Bias your UX research towards good

As a user experience (UX) researcher and a fan of positive psychology there are two cognitive biases that have been bothering me lately: confirmation bias and negativity bias. These biases happen to everyone, both UX people and normal people.

Confirmation bias

Confirmation bias basically means that we see what we expect to see. Now, as a UX researcher it is my job to find UX problems when doing usability tests, evaluations or user research. In all my years of doing this work I’ve never seen a software that didn’t have at least some problems. I expect to see them.

Does that make me see more of them? Even ones that aren’t there?

We see what we expect to see.

Negativity bias

Negativity bias means that negative things make bigger impact to our brains, making the negative things easier to remember than positive things. Now, as a UX researcher I’m not only skewing my attention towards the negative to confirm my expectations, but I also remember these negative UX problems better than the positive findings. Looking back my old UX reports it’s obvious. I always mean to highlight also the good practices I’ve found in the UX research, but somehow seem to forget at least part of them.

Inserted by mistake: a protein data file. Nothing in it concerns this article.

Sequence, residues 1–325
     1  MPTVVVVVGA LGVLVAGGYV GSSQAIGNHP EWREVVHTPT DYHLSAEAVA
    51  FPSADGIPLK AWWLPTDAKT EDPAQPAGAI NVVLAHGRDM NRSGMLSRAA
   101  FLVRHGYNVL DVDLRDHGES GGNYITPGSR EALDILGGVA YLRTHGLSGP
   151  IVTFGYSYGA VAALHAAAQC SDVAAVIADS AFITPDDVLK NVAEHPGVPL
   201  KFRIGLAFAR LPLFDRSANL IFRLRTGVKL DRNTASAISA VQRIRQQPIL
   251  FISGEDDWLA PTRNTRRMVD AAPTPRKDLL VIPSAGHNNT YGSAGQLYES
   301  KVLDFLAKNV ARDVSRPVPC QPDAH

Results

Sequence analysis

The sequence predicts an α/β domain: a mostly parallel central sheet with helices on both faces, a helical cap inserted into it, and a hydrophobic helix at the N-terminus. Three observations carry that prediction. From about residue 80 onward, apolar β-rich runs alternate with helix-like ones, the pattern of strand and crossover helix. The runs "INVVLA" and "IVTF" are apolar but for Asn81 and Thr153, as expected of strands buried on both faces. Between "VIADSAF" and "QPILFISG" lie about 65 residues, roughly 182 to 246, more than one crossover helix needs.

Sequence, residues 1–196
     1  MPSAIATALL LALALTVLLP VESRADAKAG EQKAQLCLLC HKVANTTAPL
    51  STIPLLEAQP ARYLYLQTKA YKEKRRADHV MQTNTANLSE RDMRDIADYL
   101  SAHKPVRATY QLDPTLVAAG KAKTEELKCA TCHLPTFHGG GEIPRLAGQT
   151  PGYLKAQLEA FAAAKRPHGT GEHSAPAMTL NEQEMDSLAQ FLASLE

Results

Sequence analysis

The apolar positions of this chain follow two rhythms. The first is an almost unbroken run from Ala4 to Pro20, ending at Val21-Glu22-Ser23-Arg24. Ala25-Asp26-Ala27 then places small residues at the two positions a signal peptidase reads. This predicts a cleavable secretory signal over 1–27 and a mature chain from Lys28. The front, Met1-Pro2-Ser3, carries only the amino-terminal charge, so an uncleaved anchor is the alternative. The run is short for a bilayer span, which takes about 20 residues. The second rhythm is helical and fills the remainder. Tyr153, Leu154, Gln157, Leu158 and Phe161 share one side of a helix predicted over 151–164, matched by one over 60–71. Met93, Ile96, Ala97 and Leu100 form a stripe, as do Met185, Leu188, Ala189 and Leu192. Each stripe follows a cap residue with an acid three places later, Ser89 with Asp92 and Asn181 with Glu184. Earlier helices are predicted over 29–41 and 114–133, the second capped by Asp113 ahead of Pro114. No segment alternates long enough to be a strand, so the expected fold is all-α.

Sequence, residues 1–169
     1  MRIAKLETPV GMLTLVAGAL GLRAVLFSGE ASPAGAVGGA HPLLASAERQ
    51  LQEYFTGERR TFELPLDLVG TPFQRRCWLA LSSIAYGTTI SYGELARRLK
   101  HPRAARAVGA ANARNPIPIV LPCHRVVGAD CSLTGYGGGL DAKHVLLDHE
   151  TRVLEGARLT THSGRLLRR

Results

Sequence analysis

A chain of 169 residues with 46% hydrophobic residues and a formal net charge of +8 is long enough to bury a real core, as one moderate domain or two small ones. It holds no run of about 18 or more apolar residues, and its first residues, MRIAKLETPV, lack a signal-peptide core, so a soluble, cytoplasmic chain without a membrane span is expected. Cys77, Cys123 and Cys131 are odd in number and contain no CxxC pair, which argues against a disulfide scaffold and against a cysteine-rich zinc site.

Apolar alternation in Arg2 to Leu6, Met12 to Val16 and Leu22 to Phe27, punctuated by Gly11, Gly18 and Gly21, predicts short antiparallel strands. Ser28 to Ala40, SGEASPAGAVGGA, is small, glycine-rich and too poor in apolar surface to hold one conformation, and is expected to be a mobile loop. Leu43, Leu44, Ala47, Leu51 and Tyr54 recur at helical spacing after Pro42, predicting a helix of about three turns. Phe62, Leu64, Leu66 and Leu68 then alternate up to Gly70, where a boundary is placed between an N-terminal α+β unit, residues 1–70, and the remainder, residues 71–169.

Sound familiar? What can we do about it?

Apply positivity ratio

Because negatives are so much stronger than positives,  psychologists such as Dr. Barbara Fredrickson have suggested that we should deliberately embrace positive things more than negatives to make them stick. Fredrickson has suggested a “positivity ratio of 3-to-1”: we need 3 times more positive things than negative ones. Even though this ratio has had its share of critique, I’m still going to apply it:

I hereby challenge myself – and all the other UX researchers out there – to make the effort to list 3 good UX practices per every UX problem we find in any given study.

This way we should:

  1. pay more attention also to good UX practices, and
  2. remember to report about them, too.

And as for the team who receives the UX report: I bet it’s easier for them to work on the found UX problems, when they also get to hear how many things they’ve done right. :-)

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